Three weeks of dither and delay on coronavirus that cost thousands of British lives
There is a simple mathematical truth that would have caused alarm about the coronavirus pandemic if it had been more fully appreciated when it was first flagged up in reports from China in late January. The number of people infected appeared to double in as little as three days. The maths was remorseless. It meant one case would become eight in nine days, and after 21 it would be 128. In less than nine weeks, one case could infect a million people.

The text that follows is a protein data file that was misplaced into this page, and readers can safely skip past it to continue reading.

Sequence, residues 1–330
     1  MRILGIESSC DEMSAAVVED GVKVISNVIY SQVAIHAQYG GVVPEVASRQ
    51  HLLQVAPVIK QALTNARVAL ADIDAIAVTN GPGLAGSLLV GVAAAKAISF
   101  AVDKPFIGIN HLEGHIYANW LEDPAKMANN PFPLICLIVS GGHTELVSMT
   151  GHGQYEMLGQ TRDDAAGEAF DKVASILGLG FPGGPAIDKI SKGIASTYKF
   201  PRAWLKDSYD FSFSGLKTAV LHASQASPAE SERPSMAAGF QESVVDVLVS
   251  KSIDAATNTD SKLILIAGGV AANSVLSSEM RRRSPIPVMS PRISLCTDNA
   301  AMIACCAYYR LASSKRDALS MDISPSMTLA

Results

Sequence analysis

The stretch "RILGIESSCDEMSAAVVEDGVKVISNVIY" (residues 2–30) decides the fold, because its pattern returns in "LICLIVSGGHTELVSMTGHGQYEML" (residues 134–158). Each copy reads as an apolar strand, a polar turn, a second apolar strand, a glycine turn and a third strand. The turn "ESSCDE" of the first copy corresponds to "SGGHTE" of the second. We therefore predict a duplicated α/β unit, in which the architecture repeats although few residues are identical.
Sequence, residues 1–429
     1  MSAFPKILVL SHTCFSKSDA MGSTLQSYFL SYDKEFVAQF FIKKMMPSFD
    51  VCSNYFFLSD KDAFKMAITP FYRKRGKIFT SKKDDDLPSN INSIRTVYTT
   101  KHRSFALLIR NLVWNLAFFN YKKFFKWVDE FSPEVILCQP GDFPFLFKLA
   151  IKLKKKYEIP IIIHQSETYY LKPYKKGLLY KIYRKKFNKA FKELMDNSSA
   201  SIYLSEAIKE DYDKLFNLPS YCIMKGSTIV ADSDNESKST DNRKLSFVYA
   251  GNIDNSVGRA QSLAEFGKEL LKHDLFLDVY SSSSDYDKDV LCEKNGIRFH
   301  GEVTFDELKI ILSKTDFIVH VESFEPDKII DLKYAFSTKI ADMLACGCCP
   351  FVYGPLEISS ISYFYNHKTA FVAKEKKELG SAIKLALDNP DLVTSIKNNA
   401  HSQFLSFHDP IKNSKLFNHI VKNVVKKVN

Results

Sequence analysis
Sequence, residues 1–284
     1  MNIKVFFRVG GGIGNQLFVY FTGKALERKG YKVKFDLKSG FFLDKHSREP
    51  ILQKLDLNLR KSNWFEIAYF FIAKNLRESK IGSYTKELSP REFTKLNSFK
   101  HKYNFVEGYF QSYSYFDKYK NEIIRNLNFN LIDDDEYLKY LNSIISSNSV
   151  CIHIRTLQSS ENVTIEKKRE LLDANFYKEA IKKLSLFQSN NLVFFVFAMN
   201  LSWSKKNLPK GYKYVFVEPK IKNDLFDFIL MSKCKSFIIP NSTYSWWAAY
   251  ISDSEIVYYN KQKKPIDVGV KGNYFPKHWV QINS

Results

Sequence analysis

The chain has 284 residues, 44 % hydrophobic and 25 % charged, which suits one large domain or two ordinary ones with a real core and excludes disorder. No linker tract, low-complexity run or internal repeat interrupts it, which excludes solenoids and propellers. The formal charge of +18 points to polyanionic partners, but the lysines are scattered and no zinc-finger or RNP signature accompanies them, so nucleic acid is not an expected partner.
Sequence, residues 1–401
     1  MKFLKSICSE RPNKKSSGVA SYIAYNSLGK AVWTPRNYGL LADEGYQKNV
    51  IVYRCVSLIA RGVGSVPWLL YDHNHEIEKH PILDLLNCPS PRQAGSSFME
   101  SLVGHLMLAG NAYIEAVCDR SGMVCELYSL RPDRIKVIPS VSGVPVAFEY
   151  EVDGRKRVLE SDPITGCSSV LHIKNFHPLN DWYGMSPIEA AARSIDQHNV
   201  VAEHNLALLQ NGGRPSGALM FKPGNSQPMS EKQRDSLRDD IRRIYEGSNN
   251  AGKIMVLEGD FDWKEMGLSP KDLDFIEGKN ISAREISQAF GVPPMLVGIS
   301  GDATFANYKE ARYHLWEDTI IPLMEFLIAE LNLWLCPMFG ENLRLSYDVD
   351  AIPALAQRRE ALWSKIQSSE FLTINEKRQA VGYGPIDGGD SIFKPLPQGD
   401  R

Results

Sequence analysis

So time was already running out for Britain when, amid the last of the late February storms, Boris Johnson returned from his working holiday at the state-owned Chevening residence to face opposition accusations that he was a “part-time” prime minister.
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